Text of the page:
Connections – Michael Rodriguez
Several LITA bloggers, including myself, attended our first-ever LITA Forum in November 2015. For me, the Forum was a phenomenal experience. I had a great time presenting on OCLC products, open access integration, and technology triage, with positive, insightful audience questions and feedback. The sessions were excellent, the hotel was amazing, the Minneapolis location was perfect, but best of all, LITA was a superb networking conference. With about 300 attendees, it was small enough for us to meet everyone, but large enough to offer diverse perspectives. I got to meet dozens of people, including LITA bloggers Bill, Jacob, and Whitni, whom I knew via LITA or via Twitter but had never met IRL. I got to reenergize old comradeships with Lindsay and Brianna and finally meet the hard-working LITA staff, Mark Beatty and Jenny Levine. I formed an astonishing number of new connections over breakfast, lunch, dinner, and water coolers. Our connections were warm and revitalizing and will be with us lifelong. Thanks, LITA!
To Name – Jacob Shelby
LITA Forum 2015 was my first professional library conference to attend, and I will say that it was an amazing experience. The conference was just the right size! I was fortunate to meet some awesome, like-minded people who inspired me at the conference, and who continue to inspire me in my daily work. There were so many great sessions that it was a real challenge choosing which ones to go to! My particular favorite (if I had to choose only one) was Mark Matienzo’s keynote: To Hell With Good Intentions: Linked Data, Community and the Power to Name. As a metadata and cataloging professional, I thought it was enlightening to think about how we “name” communities and to consider how we can give the power to name and tell stories back to the communities. In all, I made connections with some wonderful professionals and picked up some great ideas to bring back to my library. Thanks for an awesome experience, LITA!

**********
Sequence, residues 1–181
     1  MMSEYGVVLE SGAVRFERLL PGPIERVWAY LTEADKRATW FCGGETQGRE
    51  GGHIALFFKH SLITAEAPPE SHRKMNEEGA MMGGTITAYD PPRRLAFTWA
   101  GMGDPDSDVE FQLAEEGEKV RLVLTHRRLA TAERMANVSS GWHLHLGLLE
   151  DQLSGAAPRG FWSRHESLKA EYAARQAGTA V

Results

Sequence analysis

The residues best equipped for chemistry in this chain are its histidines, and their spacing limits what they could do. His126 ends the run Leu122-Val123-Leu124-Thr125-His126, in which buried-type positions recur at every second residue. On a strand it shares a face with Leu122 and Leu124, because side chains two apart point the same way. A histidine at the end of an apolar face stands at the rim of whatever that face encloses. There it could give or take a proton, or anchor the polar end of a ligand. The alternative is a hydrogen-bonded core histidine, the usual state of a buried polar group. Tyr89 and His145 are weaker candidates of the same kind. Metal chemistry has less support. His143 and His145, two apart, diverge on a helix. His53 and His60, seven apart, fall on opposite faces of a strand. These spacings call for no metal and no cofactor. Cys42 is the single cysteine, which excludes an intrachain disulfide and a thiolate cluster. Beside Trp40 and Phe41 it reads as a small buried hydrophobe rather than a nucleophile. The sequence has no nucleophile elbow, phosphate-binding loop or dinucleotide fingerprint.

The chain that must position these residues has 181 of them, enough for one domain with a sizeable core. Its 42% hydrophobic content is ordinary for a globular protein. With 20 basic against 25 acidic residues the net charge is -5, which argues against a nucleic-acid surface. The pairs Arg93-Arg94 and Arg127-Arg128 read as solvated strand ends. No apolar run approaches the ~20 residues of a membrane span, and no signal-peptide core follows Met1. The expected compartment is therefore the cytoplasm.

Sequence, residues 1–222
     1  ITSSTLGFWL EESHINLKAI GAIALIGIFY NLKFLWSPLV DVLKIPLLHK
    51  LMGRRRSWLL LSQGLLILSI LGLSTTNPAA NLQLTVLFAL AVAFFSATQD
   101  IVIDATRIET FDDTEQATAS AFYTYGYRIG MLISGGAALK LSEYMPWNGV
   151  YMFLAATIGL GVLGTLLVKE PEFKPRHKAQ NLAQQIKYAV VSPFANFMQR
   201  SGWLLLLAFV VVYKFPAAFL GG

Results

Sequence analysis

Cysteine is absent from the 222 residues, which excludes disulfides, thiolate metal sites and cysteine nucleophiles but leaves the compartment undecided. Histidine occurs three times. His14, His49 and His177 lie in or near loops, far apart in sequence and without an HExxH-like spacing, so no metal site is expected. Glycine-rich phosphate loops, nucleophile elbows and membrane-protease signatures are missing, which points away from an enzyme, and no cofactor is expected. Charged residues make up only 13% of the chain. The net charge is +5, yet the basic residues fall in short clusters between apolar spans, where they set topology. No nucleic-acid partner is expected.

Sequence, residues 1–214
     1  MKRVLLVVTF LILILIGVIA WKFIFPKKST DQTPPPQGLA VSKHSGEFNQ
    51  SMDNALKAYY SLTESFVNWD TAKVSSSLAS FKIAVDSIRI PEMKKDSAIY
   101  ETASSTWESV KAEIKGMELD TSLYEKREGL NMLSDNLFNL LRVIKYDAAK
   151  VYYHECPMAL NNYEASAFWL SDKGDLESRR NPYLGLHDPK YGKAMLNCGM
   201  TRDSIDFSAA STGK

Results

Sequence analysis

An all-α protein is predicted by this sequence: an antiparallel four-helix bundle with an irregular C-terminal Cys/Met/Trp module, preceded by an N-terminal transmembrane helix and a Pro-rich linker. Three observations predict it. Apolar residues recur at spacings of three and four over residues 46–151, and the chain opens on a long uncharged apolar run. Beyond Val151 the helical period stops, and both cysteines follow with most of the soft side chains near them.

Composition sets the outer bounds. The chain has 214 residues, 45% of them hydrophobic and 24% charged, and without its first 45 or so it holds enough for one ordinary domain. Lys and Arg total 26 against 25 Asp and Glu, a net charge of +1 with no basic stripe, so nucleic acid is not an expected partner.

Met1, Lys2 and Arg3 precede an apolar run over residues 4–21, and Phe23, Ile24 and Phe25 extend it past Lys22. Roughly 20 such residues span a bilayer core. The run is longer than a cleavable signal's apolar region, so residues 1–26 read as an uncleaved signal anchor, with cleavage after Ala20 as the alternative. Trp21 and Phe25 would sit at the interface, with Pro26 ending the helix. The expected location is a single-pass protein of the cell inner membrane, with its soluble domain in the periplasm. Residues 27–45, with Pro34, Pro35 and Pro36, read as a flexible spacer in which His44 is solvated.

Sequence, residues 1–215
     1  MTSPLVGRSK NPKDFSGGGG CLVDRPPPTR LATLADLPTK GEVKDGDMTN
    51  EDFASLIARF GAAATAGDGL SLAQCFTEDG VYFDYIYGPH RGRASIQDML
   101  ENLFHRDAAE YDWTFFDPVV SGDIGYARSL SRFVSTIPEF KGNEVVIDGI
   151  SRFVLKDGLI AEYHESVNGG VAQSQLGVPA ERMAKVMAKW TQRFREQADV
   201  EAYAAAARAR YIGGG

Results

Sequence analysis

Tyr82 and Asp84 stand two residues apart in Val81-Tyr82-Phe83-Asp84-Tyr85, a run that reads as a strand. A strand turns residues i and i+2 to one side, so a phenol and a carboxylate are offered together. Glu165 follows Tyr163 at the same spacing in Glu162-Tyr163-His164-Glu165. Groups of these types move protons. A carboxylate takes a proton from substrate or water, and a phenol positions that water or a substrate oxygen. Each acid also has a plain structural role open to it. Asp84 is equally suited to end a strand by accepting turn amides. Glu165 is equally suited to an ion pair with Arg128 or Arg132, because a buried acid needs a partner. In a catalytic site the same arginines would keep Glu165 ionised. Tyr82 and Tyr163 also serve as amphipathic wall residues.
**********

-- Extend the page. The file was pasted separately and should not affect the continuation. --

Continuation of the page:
Game On – Lindsay Cronk
A conference is an investment for many of us, and so we always look for ROI. We fret about costs and logistics. We expect to be stimulated by and learn from speakers and presentations. We hope for networking opportunities. At LITA Forum, my expectations and hopes were met and exceeded. Then I got to go to Game Night. What better way to reward a conferenced-out brain than with a few rounds of Love Letter and a full game of Flash Point? I had a terrific time talking shop and then just playing around with fellow librarians and library tech folks. It reminded me that play and discovery are always touted as critical instructional tools. At this point I’m going to level a good-natured accusation- LITA Forum gamified my conference experience, and I loved it. I hope you’ll come out and play next year, LITA Blog readers!
No, get YOUR grub on! – Whitni Watkins
As someone on the planning committee for LITA Forum, I spent a decent amount of time doing my civic duty and making sure things were in place. After a couple of years of conference heavy attending, I learned that you cannot do it all and come out on top. I was selective this year, I attended a few sessions that peaked my interest and spent a few hours discussing a project I was working on in the Poster session. I’ve learned that conferences are best for networking, for finding people with the same passion to help you hack things in the library (and not so library) world. My fondest memory of this year’s LITA forum was the passionate discussion we had during one of our networking dinners on the hierarchy in libraries, how we can break it, and why it is important to do so. Also, afterwards meeting up as LITA Bloggers and hanging out with each other IRL. A great group of people behind the screen, happy to be a part of it.
Did you attend this year’s LITA Forum? What was your experience like?
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